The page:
Category Archives: grammar

Word choices affect understanding

In formal writing, one of my pet peeves involves the misuse of prepositions. High on my list is the ubiquitous use of the word “on” to the exclusion of other, usually more accurate, prepositions.

“She spoke on the space shuttle.” Was she really aboard the space shuttle and delivered a speech to its crew”? Although we know what it means (she talked about the space shuttle), it’s likely misunderstood, at first. Understanding might require a re-reading, and one might wonder what other misleading or outright wrong statements the writing contains, compromising the writer’s credibility.

Such poor word choices are not so dire in casual conversation. However, in formal writing, this type of slip can affect understanding, job performance, and safety – safety of life and limb, facilities, or the environment.

An engineer told me that he remembers not knowing a thing about his first job out of college. He had the book learning but not the practical knowledge and experience that he needed. He could have made dangerous work decisions if the common belief “they’ll understand it” prevailed.

Poor, inaccurate word choices can confuse and cause mistakes by workers who misunderstand written instructions because they:

  • Are new to the job or field (not everyone understands everything from day one),
  • Have limited reading skills (they’re out there, effectively hiding their disability),
  • Function (in the U.S.) with English as a second language,
  • Won’t ask for clarification because they don’t want to be perceived as stupid, and
  • Are reading a translation to another language, which is faulty or downright wrong because terminology did not translate accurately.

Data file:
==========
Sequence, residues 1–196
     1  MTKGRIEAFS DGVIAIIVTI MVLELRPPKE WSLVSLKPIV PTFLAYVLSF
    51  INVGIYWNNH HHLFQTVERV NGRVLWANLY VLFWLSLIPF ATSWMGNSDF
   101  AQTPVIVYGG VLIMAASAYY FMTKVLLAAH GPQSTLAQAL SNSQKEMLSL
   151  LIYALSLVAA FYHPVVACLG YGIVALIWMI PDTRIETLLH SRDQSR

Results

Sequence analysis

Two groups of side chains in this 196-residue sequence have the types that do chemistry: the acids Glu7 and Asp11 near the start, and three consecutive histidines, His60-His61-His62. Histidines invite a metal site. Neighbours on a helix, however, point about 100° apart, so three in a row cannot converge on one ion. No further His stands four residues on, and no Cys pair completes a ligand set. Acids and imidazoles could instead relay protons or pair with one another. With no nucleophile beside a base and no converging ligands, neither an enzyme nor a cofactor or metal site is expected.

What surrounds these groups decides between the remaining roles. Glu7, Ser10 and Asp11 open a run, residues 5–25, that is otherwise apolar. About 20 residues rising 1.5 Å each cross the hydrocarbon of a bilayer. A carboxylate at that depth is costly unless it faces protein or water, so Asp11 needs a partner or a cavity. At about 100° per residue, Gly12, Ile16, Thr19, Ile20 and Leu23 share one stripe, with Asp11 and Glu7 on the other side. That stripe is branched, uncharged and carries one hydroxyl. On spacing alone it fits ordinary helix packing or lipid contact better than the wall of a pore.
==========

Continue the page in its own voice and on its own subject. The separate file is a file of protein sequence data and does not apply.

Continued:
For technical documents (especially procedures and other work instruction), accurate word choices enhance understanding, efficiency, effectiveness, and safety. While eliminating the need to re-read passages, clear writing uses fewer words and is more engaging.

So, if your technical editor questions the phrasing or word choices of a sentence, paragraph, or section, help him or her in the goal of writing for readers’ understanding. If your technical editor attempts a rewrite that changes your meaning, understand that the original writing probably was confusing, and help him or her to rewrite for clarity.

Remember, communication is not simply conveying your message but is having your message received and understood. Your word choices can foster or inhibit understanding.

By the way, I wrote this article on about word choices on Thursday on using my computer.


Word Crimes

A Grammar Spoof of ‘Blurred Lines’

A member of the ‘grammar police’ (Brett Beasley) created this Prezi presentation, including a video that illustrates, in a fun way, why every person who writes needs a proofreader or editor. That is especially true for individuals whose professions are not to write but whose jobs require it. If you don’t use a skill regularly, you tend to lose it.

Take me, for example. During high school, I was a math major; I was recommended for honors algebra. I did all my other homework first so I could linger over the math, savoring it. Now, after decades in the field of communications and with math a fading shadow in my past, I can barely do very simple calculations in my head. And I use my fingers and the always handy ‘air blackboard’ more often than I’d like to admit.

Sometimes we don’t know (or forgot) the rules of grammar that make writing good, understandable, usable. Sometimes, even if we know the rules, our fingertips skitter across the keyboard faster than our eyes notice what we’ve done. And after we’ve written a thought, we know what it’s supposed to say and that’s what we tend to see, whether it’s there or not. All writing needs a review by a set of ‘cold eyes’ — someone who is emotionally and intellectually distant enough from the content to be able to spot mistakes and how the message can be improved.

So, I just stumbled across this video, enjoyed this (a favorite) tune, marveled at the creative force that put the message together, and thought I’d share.

Word Crimes:

Song by Weird Al Yankovic. Video design and animation by Jarrett Heather.